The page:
Meadow pipits and redwings were trickling steadily overhead, fieldfares called ‘chak chak’ in the distance and reed buntings ducked deep into wild bird seed mixes. I stood in an open field – one of a group of figures each wrapped up against the wind – and reflected that it was turning into a pretty good day.

It was the first event organised for farmers taking part in the Axholme and Idle farmland bird project. Straddling north Nottinghamshire and the fringes of south Yorkshire and Lincolnshire, the project works with local farmers to benefit birds associated with arable farming. Through a combination of farm-specific advice and bird monitoring, we hope to demonstrate that enough farm-level conservation can add up to landscape-level benefits for farmland birds.

Finding the win-wins

Project Conservation Advisor Jim Lennon had organised this small gathering for local farmers focused on blackgrass. Blackgrass is an annual weed that competes with cereal crops and is a particularly prolific seeder, so in some parts of the country it can be a real headache for arable farmers. This might seem an odd topic for a wildlife project event, but there are ways to control blackgrass that can also provide spin-off benefits for farmland wildlife.

Ian Dillon, the RSPB’s Hope Farm manager, came along and spoke about his experience with blackgrass. He told us it hadn't all been plain sailing. He shared several of the approaches used including late autumn drilling, longer rotation, use of spring-sown crops, direct drilling as well as winter cover crops (with associated benefits for insect-eating birds in winter). Some years blackgrass levels have been high on the farm, but this year control has been better.

I also presented a few options available in the Mid-Tier Countryside Stewardship scheme that could be used by farmers to help deal with blackgrass, whilst also benefiting wildlife. Options such as the two-year sown legume fallow, which can be mown to prevent blackgrass seeding in the first year before also including a period for legumes to flower for wild pollinators in its second year – all whilst offering a helpful payment.  

Over an excellent ploughman’s lunch provided by our hosts at Medley Farm shop, the conversation quickly turned to soil health. Walking around the farm afterwards we talked about cropping challenges and saw some Stewardship options in place.

Farmer group

It was a really positive day, and highlighted how much conservation can be achieved whilst still going ‘with the grain’ of conventional agronomy.

Whose bird is it anyway?

Farmland birds need all the friends they can get. Perhaps more importantly, they need friendly neighbourhoods. Because birds – obviously – fly around. An island of wildlife-friendly management in an otherwise difficult landscape to thrive in can never be as attractive to a passing bird as a large area providing patches of great nesting and feeding habitat.

It’s this collective conservation work by lots of farmers that projects such as this aim to support. Here, we’re aiming for 75% of the arable area to be in good condition for farmland birds by 2023. Key to this is the area of features that provide seed food in winter, and flower and insects in the spring and summer. Scientific evidence is accumulating that suggests that just 2% of farmland as seed food, and 2-3% as flower-rich features, can be enough to halt declines of farmland birds at the farm level.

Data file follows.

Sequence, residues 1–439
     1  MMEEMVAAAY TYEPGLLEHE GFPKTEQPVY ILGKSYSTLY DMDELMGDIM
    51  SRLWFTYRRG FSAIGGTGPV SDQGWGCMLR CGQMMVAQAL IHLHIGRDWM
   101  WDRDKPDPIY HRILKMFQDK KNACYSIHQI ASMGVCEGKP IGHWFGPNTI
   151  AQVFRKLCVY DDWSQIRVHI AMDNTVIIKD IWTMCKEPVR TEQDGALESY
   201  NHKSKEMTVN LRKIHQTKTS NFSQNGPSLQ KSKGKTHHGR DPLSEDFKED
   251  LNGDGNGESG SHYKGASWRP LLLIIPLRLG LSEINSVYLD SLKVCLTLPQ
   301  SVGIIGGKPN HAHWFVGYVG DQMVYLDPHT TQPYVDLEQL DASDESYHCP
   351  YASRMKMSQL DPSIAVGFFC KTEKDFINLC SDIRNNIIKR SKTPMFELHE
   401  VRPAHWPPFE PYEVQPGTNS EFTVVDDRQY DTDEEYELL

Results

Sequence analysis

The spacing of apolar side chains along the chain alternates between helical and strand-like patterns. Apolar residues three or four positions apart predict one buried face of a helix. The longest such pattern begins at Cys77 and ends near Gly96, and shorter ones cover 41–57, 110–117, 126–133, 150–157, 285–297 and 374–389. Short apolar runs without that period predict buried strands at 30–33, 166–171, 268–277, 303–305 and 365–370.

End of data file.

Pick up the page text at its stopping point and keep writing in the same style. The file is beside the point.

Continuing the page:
Wild bird seed mix

Since the Axholme and Idle project began in 2013, we’ve recorded farmers providing at least 140 hectares of winter food (ahead of forecast progress) and 74 hectares of flower-rich habitat. So, farmers are stepping up and creating the right conditions for farmland birds, but will the birds notice?

Monitoring results 2017

As well as directly supporting farmers creating and managing these key features for farmland wildlife, the project monitors a sample of the farms to look for any impact on local breeding bird populations. Just over thirty farmland sites are surveyed by volunteers – each one once every three years. This year volunteers successfully covered over 1,090 hectares across 14 sites, which were last surveyed in 2014.

They recorded an impressive 98 different bird species, the most common of which were blue tit and chaffinch. However, more unusual sightings included avocet, black-tailed godwit and merlin.

Of the target birds for the project, linnet, oystercatcher, reed bunting, tree sparrow, yellow wagtail and yellowhammer all appear to have increased on the sites compared to three years ago.

Unfortunately, this year’s surveys also showed that corn bunting, grey partridge and skylark seem to have declined since 2014, and lapwing remain at similar levels. Turtle dove were recorded, although not frequently enough to be regarded as holding a territory. All these trends are roughly in line with national trends over a similar time period.

Next spring another set of farms will be offered their repeat surveys. Having struggled to cover all the sites this year, we would love to have a few more surveyors to help. If you’re interested in finding out more about what’s involved, email

Meanwhile, farmers in the area will continue to look after and expand their shared network of farmland bird friendly features. For more information about the Axholme and Idle project this year, take a look at the attached newsletter.

17.11 Axholme & Idle project newsletter.pdf